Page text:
The War of Art by Steven Pressfield:
Before I got to North Carolina I worked in the oilfields around Buras, Louisiana. I lived in a bunkhouse with a bunch of other transient geeks. One guy had picked up a paperback about meditation in a bookstore in New Orleans; he was teaching me how to do it. I used to go out to this dock after work and see if I could get into it. One night this came:
I was sitting cross-legged when an eagle came and landed on my shoulders. The eagle merged with me and took off flying, so that my head became its head and my arms its wings. It felt completely authentic. I could feel the air under my wings, as solid as water feels hen you row it with an oar. It was substantial. You could push off against it. So this was how birds flew! I realized that it was impossible for a bird to fall out of the sky.; all it would have to do was extend its wings; the solid air would hold it up with the same power we feel when we stick our hand out the window of a moving car. I was pretty impressed with this movie that was playing in my head but I still had no idea what it meant. I asked the eagle, Hey, what am I supposed to be learning from this? A voice answered (silently): You’re supposed to learn that things that you think are nothing, as weightless as air, are actually powerful substantial forces, as real and as solid as earth.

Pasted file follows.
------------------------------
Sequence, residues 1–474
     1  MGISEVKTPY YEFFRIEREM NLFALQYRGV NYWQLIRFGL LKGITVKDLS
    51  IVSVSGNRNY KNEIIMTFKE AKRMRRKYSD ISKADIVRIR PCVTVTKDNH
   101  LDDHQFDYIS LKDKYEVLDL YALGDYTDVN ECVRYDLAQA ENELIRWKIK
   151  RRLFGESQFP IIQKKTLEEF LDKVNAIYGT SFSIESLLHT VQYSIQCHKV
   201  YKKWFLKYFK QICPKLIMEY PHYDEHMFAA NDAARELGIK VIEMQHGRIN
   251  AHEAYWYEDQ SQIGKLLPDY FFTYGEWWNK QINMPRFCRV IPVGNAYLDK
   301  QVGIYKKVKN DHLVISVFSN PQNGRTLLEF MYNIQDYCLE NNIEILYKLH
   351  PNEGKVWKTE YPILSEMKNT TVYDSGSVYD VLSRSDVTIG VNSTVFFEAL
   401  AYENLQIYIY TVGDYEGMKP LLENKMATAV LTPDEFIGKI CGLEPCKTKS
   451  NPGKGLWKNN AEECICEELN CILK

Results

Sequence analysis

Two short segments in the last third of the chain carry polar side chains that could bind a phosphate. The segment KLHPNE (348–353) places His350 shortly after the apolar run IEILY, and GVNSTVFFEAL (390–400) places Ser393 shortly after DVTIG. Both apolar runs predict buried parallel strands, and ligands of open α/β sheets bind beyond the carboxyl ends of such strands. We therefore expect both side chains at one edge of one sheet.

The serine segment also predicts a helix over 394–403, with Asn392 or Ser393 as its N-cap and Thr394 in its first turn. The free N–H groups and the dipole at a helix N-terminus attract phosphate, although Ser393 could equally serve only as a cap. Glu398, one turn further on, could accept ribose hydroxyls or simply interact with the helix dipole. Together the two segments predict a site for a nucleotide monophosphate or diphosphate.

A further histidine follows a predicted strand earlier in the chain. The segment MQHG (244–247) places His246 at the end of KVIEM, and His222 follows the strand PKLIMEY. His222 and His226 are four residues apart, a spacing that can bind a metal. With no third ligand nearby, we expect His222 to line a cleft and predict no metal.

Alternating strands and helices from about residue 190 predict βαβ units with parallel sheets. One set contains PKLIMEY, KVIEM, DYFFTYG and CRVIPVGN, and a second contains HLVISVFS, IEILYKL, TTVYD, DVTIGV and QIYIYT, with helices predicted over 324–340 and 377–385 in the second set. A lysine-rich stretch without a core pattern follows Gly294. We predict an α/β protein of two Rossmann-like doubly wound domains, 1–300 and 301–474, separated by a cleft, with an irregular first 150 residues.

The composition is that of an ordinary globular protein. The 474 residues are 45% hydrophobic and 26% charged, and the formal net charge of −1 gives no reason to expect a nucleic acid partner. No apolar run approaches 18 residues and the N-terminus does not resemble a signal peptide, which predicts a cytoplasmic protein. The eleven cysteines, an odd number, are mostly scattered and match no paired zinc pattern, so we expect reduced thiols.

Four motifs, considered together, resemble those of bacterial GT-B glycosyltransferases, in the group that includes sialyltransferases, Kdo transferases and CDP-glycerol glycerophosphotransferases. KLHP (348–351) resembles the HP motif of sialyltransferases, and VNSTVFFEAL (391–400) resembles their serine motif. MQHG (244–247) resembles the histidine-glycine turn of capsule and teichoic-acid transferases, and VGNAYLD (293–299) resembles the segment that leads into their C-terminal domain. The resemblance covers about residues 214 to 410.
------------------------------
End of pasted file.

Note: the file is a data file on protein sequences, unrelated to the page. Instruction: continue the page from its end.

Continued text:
I understood. The eagle was telling me that dreams, visions, meditations such as this very one – things that I had till now disdained as fantasy and illusion – were as real and as solid as anything in life.
Last night, this passage came alive to me.
Katie and I were driving back from Wichita Falls when a Janis Joplin song, Me and Bobby McGee, came on the radio. Something about classic rock prompts an exhilarating sense of freedom, so I quickly turned off the air conditioner and rolled down both of our windows as we traveled 75 miles per hour on an empty, flat stretch of highway.
Freedom’s just another word for nothin’ left to lose
Nothin’ don’t mean nothin’ hon’ if it ain’t free, no no
And feelin’ good was easy, Lord, when he sang the blues
You know, feelin’ good was good enough for me
Good enough for me and my Bobby McGee
I stuck my hand out the window like I did when I was young, rotating my palm inward to feel the wind push my hand down and outward to feel its power. I couldn’t help but to think of Pressfield’s observation.
We’re facing resistance all of the time. It’s mostly manifested in things we don’t see. It’s not until we put our hand out the car window on a stretch of highway that we begin to understand that the very thing that keeps us alive is powerful enough to stop us in our tracks. This idea transcends our desires, efforts, relationships, work, and everything else in this world. When that is our base of understanding, it creates the sense of freedom that’s prompted by a forty year old song on a warm evening in Spring.
Like an eagle flying high with extended wings, learn to use resistance in your favor. Understand that it’s not there to hurt you, but rather to guide you so that one day you’ll be able to look back and say, I’ve learned everything that God wanted me to learn. That’s the difference between allowing your hand to be blown backward by an invisible force or turning it inward ever so slightly to allow the unseen to guide you.